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Conference papers

Horizontal compression and stress concentration at passive margins: causes, consequences, and episodicity

Abstract : Late uplift and exhumation at regional scale are common to many a passive margin. By consensus, amongst the likely mechanisms are thermal relaxation after rifting, deep-seated mantle flow, offshore sedimentation, onshore exhumation, and tectonic stress. Probably no one mechanism can account for all of the uplift and exhumation of a margin. Here I will make the case for horizontal compression, as an important mechanism in some instances. The World Stress Map project provides useful insights into current stress distributions. Horizontal compression dominates in many plates, including some (but not all) continental margins. Continental collision, ridge push, and slab pull can account for horizontal compression. However, radial patterns of trajectories provide evidence for stress concentrations. A well-known example is Central Asia, where the cause is indentation by a colliding India. In the northern hemisphere, there is good evidence that the Iceland plume, whatever its origin, is another source of stress concentration. The pattern is best seen on azimuthal projections, which centre on Iceland itself. It would appear to be responsible for thrust mechanisms of recent earthquakes in Scandinavia. In the geological record, there is also evidence for anomalies in seafloor spreading and basin inversion around Iceland, at least since the Neogene. Excess seafloor spreading appears to have transmitted, via reactivated fracture zones, to the continental margin of Norway. Thus the Iceland plume and the North Atlantic ridge, acting together, may have provided enough compression to account for basin inversion on North Atlantic margins. They may even account, at least in part, for Neogene to recent mountain building in adjacent onshore areas of Scandinavia, Scotland, Svalbard, Greenland, Baffin Island, Ellesmere Island and Labrador. More generally, for such a mechanism to be viable, a ridge-centred plume should close to a continental margin. I discuss the likelihood of such a mechanism having operated in the South Atlantic during the Late Cretaceous and Palaeogene, and having contributed to inversion in SE Brazil. Even more generally, uplift and exhumation on passive margins would seem to be episodic in nature. Some of the known episodes correlate with phases of mountain building and rapid plate convergence worldwide. This in itself is an argument for horizontal compression being a significant mechanism in the uplift and exhumation of some passive margins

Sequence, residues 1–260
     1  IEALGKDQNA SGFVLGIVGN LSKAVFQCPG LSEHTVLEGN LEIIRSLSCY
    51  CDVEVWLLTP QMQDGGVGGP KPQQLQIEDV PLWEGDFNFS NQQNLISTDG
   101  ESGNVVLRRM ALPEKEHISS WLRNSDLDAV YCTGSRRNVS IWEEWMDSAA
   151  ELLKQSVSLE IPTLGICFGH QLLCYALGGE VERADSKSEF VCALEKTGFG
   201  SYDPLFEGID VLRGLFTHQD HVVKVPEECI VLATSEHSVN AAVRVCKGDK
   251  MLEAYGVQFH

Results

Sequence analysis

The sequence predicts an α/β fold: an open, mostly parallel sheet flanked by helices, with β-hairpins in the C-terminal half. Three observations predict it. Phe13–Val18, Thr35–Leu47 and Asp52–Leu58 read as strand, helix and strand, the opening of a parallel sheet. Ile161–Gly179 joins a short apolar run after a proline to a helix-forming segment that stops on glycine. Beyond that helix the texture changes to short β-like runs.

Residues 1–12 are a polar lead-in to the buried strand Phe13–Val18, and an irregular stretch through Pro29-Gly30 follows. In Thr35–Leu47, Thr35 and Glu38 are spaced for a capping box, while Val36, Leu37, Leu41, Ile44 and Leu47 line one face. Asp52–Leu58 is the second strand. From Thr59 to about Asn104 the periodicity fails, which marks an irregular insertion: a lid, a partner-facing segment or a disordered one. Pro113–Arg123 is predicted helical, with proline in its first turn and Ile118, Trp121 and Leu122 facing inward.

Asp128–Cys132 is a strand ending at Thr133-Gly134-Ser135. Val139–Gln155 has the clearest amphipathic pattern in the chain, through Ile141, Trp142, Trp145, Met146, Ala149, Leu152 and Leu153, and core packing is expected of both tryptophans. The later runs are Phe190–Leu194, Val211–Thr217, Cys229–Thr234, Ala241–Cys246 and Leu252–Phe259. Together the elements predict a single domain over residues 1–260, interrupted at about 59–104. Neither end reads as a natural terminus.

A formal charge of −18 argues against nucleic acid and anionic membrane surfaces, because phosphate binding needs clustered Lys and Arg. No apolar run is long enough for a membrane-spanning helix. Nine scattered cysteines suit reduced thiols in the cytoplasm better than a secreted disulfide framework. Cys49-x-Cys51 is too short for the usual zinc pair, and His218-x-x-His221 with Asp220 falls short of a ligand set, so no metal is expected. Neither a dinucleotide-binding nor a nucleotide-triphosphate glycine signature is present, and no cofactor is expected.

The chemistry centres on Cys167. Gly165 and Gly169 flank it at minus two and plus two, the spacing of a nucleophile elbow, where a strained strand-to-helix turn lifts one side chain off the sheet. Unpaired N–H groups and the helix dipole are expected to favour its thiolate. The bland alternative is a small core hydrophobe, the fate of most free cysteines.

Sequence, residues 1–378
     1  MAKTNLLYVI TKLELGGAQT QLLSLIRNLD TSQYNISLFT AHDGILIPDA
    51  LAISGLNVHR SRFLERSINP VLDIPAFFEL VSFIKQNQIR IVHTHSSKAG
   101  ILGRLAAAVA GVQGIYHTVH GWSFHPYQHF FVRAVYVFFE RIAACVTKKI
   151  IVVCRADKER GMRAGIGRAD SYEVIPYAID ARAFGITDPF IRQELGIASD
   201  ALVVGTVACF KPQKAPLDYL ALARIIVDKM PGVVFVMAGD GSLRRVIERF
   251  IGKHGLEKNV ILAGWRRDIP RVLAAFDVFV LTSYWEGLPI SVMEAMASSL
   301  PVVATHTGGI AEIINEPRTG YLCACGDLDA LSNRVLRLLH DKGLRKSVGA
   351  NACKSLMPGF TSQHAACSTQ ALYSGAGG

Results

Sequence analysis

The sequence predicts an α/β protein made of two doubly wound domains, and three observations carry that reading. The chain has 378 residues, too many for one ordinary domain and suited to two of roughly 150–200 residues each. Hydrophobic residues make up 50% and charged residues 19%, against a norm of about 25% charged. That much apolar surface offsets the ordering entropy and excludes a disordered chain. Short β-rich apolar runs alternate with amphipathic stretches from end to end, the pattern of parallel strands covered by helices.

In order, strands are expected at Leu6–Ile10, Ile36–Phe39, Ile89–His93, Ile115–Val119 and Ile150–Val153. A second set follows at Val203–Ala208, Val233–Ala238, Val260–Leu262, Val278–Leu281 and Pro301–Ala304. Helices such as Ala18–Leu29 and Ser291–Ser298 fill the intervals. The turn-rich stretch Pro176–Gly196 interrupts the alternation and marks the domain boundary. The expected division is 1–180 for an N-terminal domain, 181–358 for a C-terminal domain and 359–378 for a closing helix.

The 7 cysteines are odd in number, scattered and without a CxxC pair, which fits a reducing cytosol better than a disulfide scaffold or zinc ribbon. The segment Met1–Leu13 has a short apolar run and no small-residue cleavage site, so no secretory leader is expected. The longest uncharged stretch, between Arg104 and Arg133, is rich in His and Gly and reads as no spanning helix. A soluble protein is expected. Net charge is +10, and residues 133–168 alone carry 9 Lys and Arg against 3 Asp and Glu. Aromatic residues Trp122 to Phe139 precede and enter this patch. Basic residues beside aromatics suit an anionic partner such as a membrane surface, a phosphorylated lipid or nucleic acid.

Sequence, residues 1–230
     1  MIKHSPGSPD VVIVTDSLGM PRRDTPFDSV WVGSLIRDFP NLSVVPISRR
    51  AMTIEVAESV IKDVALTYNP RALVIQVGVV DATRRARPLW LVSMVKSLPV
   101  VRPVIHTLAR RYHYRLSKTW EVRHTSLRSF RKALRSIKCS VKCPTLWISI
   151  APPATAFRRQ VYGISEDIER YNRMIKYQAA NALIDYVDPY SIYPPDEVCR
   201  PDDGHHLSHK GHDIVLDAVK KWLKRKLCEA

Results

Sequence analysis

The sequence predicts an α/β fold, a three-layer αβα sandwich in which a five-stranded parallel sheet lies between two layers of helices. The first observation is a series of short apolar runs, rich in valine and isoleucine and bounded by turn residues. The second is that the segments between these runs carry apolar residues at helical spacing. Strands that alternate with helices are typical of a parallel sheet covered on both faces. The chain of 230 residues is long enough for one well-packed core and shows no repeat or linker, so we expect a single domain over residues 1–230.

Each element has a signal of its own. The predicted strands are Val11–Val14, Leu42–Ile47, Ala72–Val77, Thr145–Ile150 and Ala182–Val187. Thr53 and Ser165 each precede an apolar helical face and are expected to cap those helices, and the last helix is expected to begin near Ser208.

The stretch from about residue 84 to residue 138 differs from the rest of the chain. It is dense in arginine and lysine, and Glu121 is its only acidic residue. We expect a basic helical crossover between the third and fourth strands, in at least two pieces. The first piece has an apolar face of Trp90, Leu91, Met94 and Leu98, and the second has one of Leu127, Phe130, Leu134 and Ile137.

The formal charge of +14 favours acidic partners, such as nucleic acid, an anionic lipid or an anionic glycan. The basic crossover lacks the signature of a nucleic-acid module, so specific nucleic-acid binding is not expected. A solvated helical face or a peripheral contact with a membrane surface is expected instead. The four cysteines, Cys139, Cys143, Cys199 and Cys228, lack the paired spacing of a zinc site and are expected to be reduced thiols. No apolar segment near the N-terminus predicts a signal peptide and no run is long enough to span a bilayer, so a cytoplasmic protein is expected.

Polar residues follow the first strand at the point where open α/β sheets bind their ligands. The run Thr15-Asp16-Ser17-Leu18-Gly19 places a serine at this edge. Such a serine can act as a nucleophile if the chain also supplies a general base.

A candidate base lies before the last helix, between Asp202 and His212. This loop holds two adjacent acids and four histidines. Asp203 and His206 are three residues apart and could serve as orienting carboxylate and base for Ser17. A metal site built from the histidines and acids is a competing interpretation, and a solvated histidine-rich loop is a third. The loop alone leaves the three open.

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Submitted on : Friday, April 17, 2009 - 1:38:33 PM
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  • HAL Id : insu-00376344, version 1



P.R. Cobbold. Horizontal compression and stress concentration at passive margins: causes, consequences, and episodicity. International Geological Congress 33, Sep 2008, Oslo, Norway. ⟨insu-00376344⟩



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